Historical fiction frequently leads the reader into dark places. Chris Womersley’s haunting novel City of Crows will take you into a nightmare labyrinth where superstition rules and where it seems the Devil calls the tune. The novel recounts the journey of the young widow Charlotte Picot from the south of France to Paris in 1673. There’s murder, child sacrifice, witchcraft, plague, poison, black magic, abortion, executions, torture and Tarot (with pictures). And crows and rats, which provide the occasion for the use of the wonderful verb ‘‘to skitter’’.
In fact the verbs are one of the great pleasures of City of Crows. They enact the image and meaning of the title as they skip, dart, hop, slide, slink, squirm, scurry, squeak and twitter. Wonderful old verbs to weave the texture of this ‘‘product of the author’s imagination’’, with its various acknowledged borrowings from the accounts of history.
It is Paris that is the ‘‘city of crows’’, as bleak a title as a city could have, invoking as it does the grim disgust of carrion, as well as the bird’s uncanny ability to foretell the future.
The crows of Paris are ‘‘inhabited by the souls of dead witches’’. Images of the birds are literal but also metaphoric, signifying evil and the devil himself. Yet privately for Charlotte’s travelling companion, the malevolent Adam Lesage, Paris is in fact ‘‘a city of dreams’’, ‘‘the centre of the world’’. It trembles ‘‘on the far horizon of his imagination’’.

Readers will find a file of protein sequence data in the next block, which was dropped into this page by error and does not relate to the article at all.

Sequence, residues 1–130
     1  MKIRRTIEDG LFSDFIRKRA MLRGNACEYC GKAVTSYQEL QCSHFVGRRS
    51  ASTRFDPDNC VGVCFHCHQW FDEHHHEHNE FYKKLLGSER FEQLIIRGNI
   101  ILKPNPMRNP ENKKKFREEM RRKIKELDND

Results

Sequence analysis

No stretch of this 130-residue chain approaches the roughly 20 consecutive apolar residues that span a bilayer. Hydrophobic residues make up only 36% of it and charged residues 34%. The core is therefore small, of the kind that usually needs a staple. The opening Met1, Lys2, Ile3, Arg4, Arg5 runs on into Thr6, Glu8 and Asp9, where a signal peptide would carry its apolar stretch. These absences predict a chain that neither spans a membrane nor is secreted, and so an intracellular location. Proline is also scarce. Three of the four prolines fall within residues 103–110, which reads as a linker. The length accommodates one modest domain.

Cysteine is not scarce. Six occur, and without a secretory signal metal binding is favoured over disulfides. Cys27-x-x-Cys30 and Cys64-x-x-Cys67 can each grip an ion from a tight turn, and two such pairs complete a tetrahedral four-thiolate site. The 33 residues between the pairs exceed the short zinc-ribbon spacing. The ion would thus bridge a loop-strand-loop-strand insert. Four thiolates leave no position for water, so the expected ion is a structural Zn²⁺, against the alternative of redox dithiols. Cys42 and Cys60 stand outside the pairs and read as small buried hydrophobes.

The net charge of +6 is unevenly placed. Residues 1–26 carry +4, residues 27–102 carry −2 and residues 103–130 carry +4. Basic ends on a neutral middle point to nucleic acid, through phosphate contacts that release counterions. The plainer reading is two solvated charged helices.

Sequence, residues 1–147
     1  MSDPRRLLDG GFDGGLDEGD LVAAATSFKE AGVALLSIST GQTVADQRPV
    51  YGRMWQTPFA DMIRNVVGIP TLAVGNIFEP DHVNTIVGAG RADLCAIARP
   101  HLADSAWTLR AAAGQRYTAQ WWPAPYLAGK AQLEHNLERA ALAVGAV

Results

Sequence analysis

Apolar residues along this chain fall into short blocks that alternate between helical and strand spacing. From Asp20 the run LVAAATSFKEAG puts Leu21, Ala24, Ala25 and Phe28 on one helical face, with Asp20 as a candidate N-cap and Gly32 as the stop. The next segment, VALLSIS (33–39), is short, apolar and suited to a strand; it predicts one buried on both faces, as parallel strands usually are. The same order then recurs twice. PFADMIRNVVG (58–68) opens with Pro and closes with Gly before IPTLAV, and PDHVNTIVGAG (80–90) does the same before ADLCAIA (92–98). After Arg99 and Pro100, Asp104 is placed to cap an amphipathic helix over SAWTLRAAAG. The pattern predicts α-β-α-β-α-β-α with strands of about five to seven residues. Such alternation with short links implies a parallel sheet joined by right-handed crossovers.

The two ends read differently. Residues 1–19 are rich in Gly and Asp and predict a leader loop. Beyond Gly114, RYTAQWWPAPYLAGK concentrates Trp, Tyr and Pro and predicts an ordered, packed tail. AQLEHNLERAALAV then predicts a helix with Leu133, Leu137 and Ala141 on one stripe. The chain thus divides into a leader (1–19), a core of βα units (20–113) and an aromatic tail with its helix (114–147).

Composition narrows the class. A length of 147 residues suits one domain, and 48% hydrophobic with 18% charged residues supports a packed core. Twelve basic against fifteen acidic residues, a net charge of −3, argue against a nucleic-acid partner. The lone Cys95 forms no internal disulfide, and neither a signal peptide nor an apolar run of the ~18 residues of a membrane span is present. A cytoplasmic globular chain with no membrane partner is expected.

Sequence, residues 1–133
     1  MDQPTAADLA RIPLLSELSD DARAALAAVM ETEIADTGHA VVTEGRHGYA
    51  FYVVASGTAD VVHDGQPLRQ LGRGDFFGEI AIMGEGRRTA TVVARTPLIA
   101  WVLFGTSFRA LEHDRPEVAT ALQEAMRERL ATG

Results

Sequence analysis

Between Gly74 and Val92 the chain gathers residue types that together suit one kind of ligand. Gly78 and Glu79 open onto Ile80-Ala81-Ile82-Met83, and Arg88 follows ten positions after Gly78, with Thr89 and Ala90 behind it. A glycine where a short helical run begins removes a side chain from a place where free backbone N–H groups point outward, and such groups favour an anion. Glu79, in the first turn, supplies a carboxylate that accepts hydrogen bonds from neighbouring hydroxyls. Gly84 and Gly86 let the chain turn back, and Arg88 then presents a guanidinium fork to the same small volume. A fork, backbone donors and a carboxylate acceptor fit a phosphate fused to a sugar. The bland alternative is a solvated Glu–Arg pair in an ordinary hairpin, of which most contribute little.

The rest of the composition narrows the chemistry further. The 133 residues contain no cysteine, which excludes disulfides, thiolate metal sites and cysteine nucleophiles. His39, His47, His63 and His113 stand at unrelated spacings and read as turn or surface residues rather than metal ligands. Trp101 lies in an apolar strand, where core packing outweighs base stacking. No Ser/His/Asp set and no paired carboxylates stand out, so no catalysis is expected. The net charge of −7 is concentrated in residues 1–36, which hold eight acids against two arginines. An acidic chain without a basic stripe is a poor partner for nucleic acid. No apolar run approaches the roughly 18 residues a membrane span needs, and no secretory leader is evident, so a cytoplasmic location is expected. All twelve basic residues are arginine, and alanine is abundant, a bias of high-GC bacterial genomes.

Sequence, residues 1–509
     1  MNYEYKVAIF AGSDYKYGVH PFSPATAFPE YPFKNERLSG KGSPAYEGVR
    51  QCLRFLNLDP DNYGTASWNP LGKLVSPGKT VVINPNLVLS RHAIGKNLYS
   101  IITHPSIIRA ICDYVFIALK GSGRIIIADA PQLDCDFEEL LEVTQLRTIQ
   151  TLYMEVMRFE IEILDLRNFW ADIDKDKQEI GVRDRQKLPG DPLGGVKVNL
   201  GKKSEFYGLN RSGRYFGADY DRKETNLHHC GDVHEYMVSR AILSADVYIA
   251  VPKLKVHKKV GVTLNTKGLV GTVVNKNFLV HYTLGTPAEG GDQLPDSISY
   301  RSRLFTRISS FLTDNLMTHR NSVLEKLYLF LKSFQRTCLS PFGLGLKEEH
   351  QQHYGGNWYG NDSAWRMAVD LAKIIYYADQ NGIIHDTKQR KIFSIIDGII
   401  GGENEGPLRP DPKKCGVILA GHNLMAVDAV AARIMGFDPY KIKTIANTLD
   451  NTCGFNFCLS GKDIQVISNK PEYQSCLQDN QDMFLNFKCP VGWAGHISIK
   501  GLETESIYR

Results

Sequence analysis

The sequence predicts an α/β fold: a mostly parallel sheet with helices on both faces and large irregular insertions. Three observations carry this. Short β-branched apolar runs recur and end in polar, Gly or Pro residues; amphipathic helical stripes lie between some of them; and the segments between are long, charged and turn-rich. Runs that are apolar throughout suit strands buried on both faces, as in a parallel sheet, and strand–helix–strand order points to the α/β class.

When Charlotte glimpses Paris for the first time, in the far distance, it is ‘‘a grey smudge on the green horizon’’. Later, in the glistening moonlight, the reality of the material city squats on the skyline. It gradually resolves into spires and smoke and ‘‘glints of glass’’.
But Charlotte sees ‘‘black spots’’ drifting in the grey sky — crows. At the sight of them she touches her magical black book, her security. A crow launches itself from a tree and disappears ‘‘into the arboreal murk, leaving one of its black feathers to flutter to the ground’’. Portents and superstitions are all around.
Although Charlotte begins as an apparently innocent woman, she learns to practise the dark arts, and her character, in a devastating twist, gradually transforms.
Yet, even at her most horrifying, she never quite loses the reader’s sympathy.
Throughout, the brooding presence of the Tarot is emphasised by the division of the text into five sections, each headed by an image of a card. First is the Empress, followed by the Magician, the Queen of Coins, the Hanged Man and the Judgement. (The images featured in the text, with a certain poetic licence, are from the Marseille deck, first published in 1760, almost a century after the events in the novel; and the drawing of the Queen of Coins is from after 1910.)
Lesage, who works with the cards, is based on a figure from French history. The other principal historical figure is Catherine Montvoisin, Lesage’s lover, and the central person in a labyr- City of Crows By Chris Womersley Picador, 400pp, $32.99